- Associated Press - Tuesday, June 27, 2017

SANTA FE, N.M. (AP) - A former New Mexico official who was fired after providing government records on boarding house conditions to a newspaper has reached an out-of-court settlement with the state.

Sondra Everhart, a former chief advocate for residents of nursing homes and assisted-living facilities, sued the Department of Aging and Long-Term Services after her dismissal in June 2016.

Everhart had provided documents to the Albuquerque Journal in response to a public records request filed a few months before she was fired. She maintained she was legally authorized to provide the documents.

The Journal published a series of stories on substandard boarding home conditions in Las Vegas, New Mexico, that serve mentally ill patients released from the state psychiatric hospital in that city.

Terms of the settlement were not immediately disclosed, The Santa Fe New Mexican reported (https://bit.ly/2sXmsOo ) Monday.

A spokesman for the Department of Aging and Long-Term Services didn’t immediately respond to a comment request. The department had previously stated Everhart was doing a “great job” before providing the documents.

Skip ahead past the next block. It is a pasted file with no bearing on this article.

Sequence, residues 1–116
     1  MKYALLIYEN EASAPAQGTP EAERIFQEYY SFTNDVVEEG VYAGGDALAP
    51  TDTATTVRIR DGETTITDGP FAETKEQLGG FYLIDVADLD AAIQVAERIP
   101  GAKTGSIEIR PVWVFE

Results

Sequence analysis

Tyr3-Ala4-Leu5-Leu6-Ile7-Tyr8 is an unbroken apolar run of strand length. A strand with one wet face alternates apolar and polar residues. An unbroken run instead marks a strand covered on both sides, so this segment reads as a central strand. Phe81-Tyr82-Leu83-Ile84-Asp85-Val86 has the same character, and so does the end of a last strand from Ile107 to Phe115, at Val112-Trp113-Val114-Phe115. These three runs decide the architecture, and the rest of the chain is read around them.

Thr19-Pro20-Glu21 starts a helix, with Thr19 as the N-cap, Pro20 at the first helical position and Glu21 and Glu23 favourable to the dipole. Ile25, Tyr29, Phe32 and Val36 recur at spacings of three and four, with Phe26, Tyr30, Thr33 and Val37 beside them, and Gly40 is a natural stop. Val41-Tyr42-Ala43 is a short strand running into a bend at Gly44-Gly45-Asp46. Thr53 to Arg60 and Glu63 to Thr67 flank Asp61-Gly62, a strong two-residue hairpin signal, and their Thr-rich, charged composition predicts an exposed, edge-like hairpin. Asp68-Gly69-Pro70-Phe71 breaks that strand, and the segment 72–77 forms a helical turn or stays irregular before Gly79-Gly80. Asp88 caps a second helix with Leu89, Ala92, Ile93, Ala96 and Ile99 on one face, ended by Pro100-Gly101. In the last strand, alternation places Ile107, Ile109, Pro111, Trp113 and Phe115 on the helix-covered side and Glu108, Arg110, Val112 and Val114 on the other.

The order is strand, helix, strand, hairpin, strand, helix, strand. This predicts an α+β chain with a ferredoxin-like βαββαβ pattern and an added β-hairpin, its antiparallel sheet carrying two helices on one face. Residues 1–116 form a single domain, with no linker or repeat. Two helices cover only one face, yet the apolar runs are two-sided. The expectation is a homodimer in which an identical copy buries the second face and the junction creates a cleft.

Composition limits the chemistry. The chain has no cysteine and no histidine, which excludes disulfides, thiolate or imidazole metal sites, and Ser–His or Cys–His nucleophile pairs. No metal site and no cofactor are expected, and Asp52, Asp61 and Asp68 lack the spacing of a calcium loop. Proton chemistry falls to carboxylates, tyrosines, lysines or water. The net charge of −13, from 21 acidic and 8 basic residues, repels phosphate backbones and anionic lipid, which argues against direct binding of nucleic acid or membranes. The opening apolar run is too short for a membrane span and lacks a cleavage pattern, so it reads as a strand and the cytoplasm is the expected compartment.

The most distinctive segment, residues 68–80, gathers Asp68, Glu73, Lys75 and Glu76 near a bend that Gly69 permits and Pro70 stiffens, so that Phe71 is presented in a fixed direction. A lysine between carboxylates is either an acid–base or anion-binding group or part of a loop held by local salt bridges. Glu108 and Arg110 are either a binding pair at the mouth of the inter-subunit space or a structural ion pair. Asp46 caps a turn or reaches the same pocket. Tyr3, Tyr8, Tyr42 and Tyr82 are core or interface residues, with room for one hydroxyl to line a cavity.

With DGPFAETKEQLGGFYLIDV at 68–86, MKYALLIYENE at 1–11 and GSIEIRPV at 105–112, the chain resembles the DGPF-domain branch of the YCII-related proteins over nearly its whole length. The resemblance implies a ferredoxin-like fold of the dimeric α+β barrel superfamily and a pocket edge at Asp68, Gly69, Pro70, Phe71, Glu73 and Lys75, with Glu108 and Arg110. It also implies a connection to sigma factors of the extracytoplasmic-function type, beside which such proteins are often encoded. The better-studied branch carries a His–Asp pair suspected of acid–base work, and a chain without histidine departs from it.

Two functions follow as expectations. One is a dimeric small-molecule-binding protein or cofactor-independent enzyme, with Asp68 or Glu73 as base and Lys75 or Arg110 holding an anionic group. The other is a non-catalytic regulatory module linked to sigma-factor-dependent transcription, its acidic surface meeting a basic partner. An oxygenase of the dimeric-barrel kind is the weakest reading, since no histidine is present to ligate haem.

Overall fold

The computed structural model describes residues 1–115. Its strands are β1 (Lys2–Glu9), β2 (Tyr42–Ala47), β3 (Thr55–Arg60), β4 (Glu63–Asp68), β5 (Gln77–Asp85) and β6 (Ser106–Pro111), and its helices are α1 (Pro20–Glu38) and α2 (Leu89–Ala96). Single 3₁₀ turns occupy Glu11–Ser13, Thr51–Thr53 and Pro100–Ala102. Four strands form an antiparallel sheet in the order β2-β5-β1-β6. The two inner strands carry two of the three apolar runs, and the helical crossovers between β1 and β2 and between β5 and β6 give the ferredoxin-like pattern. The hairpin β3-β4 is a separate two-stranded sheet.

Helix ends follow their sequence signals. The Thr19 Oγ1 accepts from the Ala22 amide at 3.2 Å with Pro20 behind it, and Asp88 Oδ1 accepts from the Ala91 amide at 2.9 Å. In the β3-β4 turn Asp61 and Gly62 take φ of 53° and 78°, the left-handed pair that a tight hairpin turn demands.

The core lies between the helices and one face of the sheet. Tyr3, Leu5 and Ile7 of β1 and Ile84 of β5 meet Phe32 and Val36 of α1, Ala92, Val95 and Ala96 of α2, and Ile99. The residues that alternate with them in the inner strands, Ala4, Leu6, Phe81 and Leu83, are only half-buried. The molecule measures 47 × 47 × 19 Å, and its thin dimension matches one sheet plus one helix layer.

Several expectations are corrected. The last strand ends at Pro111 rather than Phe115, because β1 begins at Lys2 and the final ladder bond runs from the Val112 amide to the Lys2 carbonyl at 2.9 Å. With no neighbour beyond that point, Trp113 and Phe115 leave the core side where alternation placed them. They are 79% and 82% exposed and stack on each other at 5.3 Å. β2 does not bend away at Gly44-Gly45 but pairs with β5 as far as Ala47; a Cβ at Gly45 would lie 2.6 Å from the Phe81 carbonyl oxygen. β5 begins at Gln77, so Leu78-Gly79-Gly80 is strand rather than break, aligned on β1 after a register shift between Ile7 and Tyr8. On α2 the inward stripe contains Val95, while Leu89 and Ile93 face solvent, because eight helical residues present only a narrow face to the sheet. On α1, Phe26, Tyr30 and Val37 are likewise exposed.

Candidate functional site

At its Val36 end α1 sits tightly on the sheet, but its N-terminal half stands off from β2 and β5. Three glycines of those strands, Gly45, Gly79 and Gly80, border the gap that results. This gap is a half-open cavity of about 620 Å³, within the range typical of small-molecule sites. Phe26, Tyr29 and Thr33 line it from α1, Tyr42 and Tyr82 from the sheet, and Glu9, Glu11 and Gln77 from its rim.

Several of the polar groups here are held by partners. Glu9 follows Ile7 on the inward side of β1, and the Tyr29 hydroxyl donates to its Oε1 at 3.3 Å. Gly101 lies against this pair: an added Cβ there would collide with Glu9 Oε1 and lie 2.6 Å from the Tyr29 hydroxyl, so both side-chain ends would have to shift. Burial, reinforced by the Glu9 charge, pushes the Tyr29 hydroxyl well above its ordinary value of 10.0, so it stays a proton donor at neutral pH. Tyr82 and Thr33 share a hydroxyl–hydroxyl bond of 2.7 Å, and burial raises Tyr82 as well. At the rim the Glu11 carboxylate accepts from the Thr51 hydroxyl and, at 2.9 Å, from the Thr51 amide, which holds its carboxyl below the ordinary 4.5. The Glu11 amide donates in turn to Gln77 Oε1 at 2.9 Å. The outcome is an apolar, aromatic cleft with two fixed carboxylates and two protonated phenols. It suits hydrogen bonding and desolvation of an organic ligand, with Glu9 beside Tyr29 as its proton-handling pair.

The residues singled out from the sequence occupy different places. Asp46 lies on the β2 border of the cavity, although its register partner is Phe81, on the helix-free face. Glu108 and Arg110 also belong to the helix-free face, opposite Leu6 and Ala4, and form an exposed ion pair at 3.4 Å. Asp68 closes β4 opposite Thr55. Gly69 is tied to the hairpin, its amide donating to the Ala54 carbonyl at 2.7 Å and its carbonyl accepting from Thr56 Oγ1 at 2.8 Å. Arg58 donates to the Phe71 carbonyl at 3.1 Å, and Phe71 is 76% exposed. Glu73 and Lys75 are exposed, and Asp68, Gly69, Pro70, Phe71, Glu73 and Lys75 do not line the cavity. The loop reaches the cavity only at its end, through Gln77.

The records contained confidential information and didn’t have to be disclosed under the state’s Inspection of Public Records Act. But the act also requires an ombudsman to make a reasonable effort to grant records requests when possible.

Everhart redacted names of boarding home residents from the documents. The department claimed the records contained “identifying information such as place of residence, and in some instances, age and circumstances of boarding.”


Information from: The Santa Fe New Mexican, https://www.sfnewmexican.com

Copyright © 2018 The Washington Times, LLC.

The Washington Times Comment Policy

The Washington Times welcomes your comments on Spot.im, our third-party provider. Please read our Comment Policy before commenting.


Click to Read More and View Comments

Click to Hide